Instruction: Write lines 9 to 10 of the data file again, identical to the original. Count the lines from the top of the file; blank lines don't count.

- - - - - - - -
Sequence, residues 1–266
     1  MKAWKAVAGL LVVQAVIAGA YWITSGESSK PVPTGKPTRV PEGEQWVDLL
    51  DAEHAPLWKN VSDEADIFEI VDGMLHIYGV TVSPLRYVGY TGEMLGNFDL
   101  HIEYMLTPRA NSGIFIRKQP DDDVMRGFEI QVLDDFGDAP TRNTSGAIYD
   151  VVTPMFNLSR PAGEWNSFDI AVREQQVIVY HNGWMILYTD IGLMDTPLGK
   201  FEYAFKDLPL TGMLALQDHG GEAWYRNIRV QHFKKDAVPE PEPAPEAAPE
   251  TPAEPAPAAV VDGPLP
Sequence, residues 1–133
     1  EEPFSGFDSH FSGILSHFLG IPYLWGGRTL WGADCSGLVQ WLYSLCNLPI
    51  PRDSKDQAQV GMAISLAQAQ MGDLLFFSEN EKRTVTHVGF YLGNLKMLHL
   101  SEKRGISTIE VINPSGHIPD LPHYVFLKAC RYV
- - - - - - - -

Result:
     1  EEPFSGFDSH FSGILSHFLG IPYLWGGRTL WGADCSGLVQ WLYSLCNLPI
    51  PRDSKDQAQV GMAISLAQAQ MGDLLFFSEN EKRTVTHVGF YLGNLKMLHL